After leaving its small premises to settle in a 10,000 ft2 space, Éco-Réno became RÉCO, a renovation center focused on the reuse of materials.

Founded in 2002 by the Society for Environmental Development of Rosemont (SODER), the Éco-Réno store was well known to renovators who were passionate about heritage. Weakened by the pandemic, the social economy company, which was located on Avenue Papineau, was acquired by Architecture sans frontières Québec in 2021. This transaction allows the non-profit organization, two years later, to realize its vision: create a social economy enterprise centered on a materials center, like the existing hardware stores, with the difference that the supply comes from donations which are resold to finance the project.

“It’s a profound transformation of the business model with a supply of donations only and opening up to donations of new discarded materials,” explained the general director of Architecture sans frontières Québec, Bruno Demers, last Monday during the official inauguration, in Ahuntsic-Cartierville, of the new materials center which now bears the name RÉCO.

“Éco-Réno becomes something else, something bigger and qualitatively different. We must free ourselves from the perception that customers have of Éco-Réno, that is, a small store, mainly for architectural antiques,” explained Bruno Demers.

Like these recessed lights, model 2022, unsold by the manufacturer. “If we hadn’t taken them back, 11,000 units would have been thrown in the trash,” underlined RECO’s sales and operations director, Sylvain Lessard, during a guided tour of the new space. In one corner sit a batch of windows of different colors and sizes, most of them new: order errors from a manufacturer.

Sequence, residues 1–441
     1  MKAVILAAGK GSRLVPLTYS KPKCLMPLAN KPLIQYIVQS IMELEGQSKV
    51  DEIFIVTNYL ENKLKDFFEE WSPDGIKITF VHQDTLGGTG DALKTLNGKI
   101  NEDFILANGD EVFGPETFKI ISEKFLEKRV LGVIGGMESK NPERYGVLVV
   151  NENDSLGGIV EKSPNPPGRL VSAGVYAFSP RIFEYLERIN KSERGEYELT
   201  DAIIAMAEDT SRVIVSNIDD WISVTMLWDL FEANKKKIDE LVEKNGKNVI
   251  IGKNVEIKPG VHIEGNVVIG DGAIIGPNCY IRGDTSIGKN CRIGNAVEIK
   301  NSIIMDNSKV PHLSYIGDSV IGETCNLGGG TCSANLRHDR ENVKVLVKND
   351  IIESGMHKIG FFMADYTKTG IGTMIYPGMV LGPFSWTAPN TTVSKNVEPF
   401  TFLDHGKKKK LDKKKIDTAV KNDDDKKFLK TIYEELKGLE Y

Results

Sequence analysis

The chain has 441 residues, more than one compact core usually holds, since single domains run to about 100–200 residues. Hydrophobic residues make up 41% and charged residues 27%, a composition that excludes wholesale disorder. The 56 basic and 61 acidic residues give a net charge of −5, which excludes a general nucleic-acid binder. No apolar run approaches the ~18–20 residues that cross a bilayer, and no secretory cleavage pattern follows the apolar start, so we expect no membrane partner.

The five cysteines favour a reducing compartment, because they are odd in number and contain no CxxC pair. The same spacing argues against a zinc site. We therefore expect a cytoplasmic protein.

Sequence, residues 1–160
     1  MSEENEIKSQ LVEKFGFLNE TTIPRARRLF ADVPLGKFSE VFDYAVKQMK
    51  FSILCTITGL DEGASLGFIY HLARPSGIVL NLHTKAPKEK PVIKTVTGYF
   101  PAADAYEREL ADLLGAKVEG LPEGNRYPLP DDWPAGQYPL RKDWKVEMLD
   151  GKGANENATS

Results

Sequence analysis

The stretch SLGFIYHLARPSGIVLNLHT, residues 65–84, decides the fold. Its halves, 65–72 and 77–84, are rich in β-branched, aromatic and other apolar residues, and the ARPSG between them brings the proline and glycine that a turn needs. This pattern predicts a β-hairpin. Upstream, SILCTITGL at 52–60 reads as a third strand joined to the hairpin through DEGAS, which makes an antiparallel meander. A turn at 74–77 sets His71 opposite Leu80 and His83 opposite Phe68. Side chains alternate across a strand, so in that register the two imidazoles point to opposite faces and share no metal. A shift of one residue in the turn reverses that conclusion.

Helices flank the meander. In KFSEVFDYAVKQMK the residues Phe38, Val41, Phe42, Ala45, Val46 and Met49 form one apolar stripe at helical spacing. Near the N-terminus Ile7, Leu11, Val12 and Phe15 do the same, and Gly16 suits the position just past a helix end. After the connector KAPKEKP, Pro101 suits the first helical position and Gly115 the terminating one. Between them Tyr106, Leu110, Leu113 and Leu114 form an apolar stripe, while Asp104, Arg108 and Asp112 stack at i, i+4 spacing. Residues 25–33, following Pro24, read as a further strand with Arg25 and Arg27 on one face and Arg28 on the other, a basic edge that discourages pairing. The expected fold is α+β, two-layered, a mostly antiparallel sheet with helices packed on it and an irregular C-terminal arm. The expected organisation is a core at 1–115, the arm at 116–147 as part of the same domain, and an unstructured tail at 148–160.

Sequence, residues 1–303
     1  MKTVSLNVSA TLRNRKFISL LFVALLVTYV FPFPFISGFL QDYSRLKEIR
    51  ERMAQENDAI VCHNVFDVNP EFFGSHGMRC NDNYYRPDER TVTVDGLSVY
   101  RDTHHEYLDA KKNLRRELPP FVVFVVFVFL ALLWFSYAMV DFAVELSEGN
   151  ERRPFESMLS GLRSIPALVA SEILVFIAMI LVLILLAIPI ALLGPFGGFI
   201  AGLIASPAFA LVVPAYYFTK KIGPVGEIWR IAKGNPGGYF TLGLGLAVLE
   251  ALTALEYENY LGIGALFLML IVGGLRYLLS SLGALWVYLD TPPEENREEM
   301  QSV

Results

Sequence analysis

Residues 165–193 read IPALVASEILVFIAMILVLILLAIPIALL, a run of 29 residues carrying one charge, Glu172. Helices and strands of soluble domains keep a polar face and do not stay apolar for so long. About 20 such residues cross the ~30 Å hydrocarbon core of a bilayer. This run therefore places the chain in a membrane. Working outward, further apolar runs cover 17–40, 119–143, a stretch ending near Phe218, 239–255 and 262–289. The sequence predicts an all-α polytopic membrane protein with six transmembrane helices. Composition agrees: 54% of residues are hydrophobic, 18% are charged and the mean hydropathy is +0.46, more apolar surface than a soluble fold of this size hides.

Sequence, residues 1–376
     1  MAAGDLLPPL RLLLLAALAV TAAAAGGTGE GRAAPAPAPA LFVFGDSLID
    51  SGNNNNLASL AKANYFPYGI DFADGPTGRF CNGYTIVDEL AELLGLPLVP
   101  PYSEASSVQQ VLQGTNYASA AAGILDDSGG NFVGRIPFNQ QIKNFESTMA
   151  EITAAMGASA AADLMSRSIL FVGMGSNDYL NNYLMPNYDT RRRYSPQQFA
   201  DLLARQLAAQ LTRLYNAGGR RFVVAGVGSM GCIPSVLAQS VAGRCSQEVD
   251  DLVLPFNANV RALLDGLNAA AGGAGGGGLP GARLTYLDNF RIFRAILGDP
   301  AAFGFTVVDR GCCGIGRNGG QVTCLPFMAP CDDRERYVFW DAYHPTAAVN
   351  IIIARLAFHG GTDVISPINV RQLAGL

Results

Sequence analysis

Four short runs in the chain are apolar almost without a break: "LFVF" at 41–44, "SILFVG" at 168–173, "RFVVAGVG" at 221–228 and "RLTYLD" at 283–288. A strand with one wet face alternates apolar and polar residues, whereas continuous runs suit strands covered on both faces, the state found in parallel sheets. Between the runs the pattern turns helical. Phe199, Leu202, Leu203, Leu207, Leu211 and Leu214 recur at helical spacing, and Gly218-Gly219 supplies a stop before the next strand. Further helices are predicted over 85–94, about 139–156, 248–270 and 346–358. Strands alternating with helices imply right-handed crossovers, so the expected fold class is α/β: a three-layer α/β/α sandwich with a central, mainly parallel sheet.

By making a donation to RÉCO, businesses and individuals who wish to do so can obtain a tax-deductible charitable receipt for the value of their material donations ($500 and more), a way to partially offset the additional costs that may be caused by deconstruction and handling. There are currently no other financial incentives or obligations regarding the reuse of materials in the construction sector. In its transition plan Building a Greener Quebec, published in September 2022, the FTQ-Construction recommended in particular the establishment of financial incentives to encourage the use of recycled materials and the adoption of a tax measure on the quantity of waste produced during the construction site and sent to landfill.

“At the moment, there are no subsidies for avoiding construction waste like there are for energy-efficient renovation, for example,” laments Bruno Demers.

In order to be able to accept more donations, the company will have to take on the challenge of expanding its customer base. “What is most difficult currently is convincing customers to reuse,” says Sylvain Lessard. It’s a different way of consuming. People come looking for a door that must have a specific size. Reuse is not that. It takes a bit of arm juice. We do a lot more education than sales. »

In certain cases, the customer must agree to waive a warranty on the product. However, argues Mr. Lessard, since the price paid is lower and the sales are tax-free, many are ready to accept it.

RECO becomes the first member of the Quebec Hardware and Construction Materials Association (AQMAT) to make room for reuse. Its president, Richard Darveau, hopes the company will inspire its members who operate in a “conservative and wasteful” industry. “In clothing and groceries, we are opening up to the circular economy, but in the materials sector, we are not at the back of the pack, we are not even on the playing field, a- he declared. We’re still waiting to get pushed. » Mr. Darveau says he would like to see RÉCO set up in different municipalities in Quebec or to see traditional hardware stores dedicate part of their space to the recovery and resale of used materials.

“Once we have established our model, we will have interest in opening elsewhere, perhaps in other boroughs, other cities,” said Sylvain Lessard.

RECO has a digital inventory of its stocks, which will be made available soon on its website.

Present at the press conference, Canada’s Minister of Environment and Climate Change, Steven Guilbeault, himself an Éco-Réno client, expressed the wish to see this type of project flourish across the country. “The construction sector is the largest consumer of raw materials in the world. It alone generates a third of solid waste in Canada, or more than 4 million tonnes per year. Projections show that the quantity of this waste is expected to continue to increase if we do not quickly implement more circular economy initiatives like this. »